Ernest Hornung.

Denis Dent: A Novel

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Denis asked him what he meant.

"An old hand from Van Diemen's Land," the man answered in a despicable undertone. And Denis felt inclined to tell the old hand, who now returned to crown his hospitality by forcing a nugget apiece upon the two beginners.

"But it must be worth fifty pounds!" exclaimed Denis, in vain protest, as he handled his.

"Fifty smacks in the mouth!" thundered Bullocky preparing to administer them. "You ain't on your dam' quarter-deck now!"

"Very well," said Denis, "we'll keep them for luck, rather than come to blows about it; and we really must thank you – "

"You dare!" interrupted Bullocky, with another flourish of his hairy fist. "It's no more'n wot I'd do for any other scum with all their troubles ahead on 'em. I ain't got no troubles fore nor aft; I'm Lord God o' Bullock Creek, I am, and I ain't done with you yet; you come along o' me."

So saying, he led the way toward certain sounds of revelry which had begun to fill the lulls between his detonations. And in a marquee crowded with diggers, and reeking with the fumes from pipe and pot, the trio were in time for the last lines of a song from a buffoon on the platform at one end:

"And when you think it's all serene —
Pop goes the weasel!"

It was the latest song from England, and was vociferously encored; but not for the first time, it seemed, and the mountebank would only bow and scrape. In an instant the rank air was yellow with flying orange-peel. But Bullocky handed Jim a nugget to throw for him, which Mr. Doherty discharged with such effect that it hit the performer on one leg and sent him hopping round the stage on the other, until the nature of the projectile was discovered, and the song given yet again. At its close the plutocrat's party were accorded a table in front, and more drink ordered to Denis's embarrassment. "Careful, Jimmy," he contrived to whisper, and received a reassuring kick under the table by way of reply.

A poor painted girl, with a voice that had some little sweetness left, and a pathos all its own, came next with a song just old enough to have associations for some of those who heard. It was, however, a sweet song in itself, and in a few bars a hush had fallen on the audience; even Bullocky sat back in his chair, his huge beard leveled at the singer.

"You are going far away, far away from poor Jeannette;
There's no one left to love me now, and you too will forget;
But my heart will be with you wherever you may go —
Can you look me in the face and say the same, Jeannot?
When you wear the jacket red, and the beautiful cockade,
Oh! I fear you will forget all the promises you made.
With a gun upon your shoulder and a bayonet by your side,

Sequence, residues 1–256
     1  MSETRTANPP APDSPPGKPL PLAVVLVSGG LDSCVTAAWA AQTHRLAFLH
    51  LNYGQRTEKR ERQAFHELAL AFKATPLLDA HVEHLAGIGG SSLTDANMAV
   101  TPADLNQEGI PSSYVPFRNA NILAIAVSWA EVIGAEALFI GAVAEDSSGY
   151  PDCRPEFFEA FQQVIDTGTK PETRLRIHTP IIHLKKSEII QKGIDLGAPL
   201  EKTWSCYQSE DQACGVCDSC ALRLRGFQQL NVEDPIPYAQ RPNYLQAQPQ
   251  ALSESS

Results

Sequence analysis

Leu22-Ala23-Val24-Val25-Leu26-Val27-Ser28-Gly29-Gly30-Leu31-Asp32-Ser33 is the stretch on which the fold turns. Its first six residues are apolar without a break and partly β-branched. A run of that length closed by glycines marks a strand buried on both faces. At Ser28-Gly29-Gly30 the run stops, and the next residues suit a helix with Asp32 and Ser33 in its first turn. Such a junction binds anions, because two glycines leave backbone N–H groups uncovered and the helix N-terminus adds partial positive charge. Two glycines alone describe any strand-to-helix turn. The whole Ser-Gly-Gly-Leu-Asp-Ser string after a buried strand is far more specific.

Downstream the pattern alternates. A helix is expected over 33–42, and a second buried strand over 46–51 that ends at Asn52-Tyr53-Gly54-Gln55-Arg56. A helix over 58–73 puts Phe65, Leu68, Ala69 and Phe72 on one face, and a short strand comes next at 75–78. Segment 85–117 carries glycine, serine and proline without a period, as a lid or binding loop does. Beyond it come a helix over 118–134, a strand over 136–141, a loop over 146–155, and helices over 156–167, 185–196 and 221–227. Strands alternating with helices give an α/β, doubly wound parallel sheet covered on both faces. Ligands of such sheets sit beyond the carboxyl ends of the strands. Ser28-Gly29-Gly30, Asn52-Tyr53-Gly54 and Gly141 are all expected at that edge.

You'll be taking some proud lady and be making her your bride —
You'll be taking some proud lady and be making her your bride!"

So it ran; and Denis caught himself pressing his dear new amulet to his heart.

He was so saddened that he did not see Bullocky until he heard him roar, "No, he won't, my dear! I'll stretch him stiff and stark if he do!" at which one behind gave a laugh, and so brought that formidable fist within an inch of his nose, while with the other paw the gorilla dashed away a tear that ought to have filled a wineglass. Denis lost half the next verse in watching him. Bullocky was now sprawling across the table, his great face hidden in the hirsute folds of his powerful arms.

"Oh! if I were King of France, or still better Pope of Rome,
I'd have no fighting men abroad, no weeping maids at home.
All the world should be at peace, or, if kings must show their might,
Why, let them who make the quarrel be the only ones to fight —
Yes, let them who make the quarrel be the only ones to fight!"

Bullocky's shoulders were heaving with vinous sobs. He did not join in the tempest of applause, and before the last verse had been repeated his emotions reached their anti-climax in a sounding snore. Denis gave Doherty a nod, and they deserted under cover of the final furore.

Near the exit of the marquee a degenerate sailor reeled into them; and it shocked Denis slowly to identify the blurred features of his late shipmate, the chief officer of the North Foreland. It was but a week since he had given evidence as clear as it was creditable at the inquest in Mr. Kitto's wool-shed.

"Seen you come in," said the mate. "Thought you was in blue water by this time."

"How so?" asked Denis.

"Homeward bound," hiccoughed the mate.

"I'm not going home yet," said Denis. "I'm going to try my luck on the diggings first."

The chief swayed incredulous. "Thought that was all plain sailin'?" said he. "Thought you was to go home with 'em, an' marry her at t' other end if not at this? Well, well, you might just as well have taken my advice!"

"What advice?" asked Denis, coldly.

"It was just as you was swep' overboard," explained the mate. "You didn't hear it; and if you had it wouldn't've been no use without the boat; but I was goin' to tell you to stand out to sea like I did; and you might as well, don't you see? Drawn your pay at the agent's yet?" he added as Denis was turning away.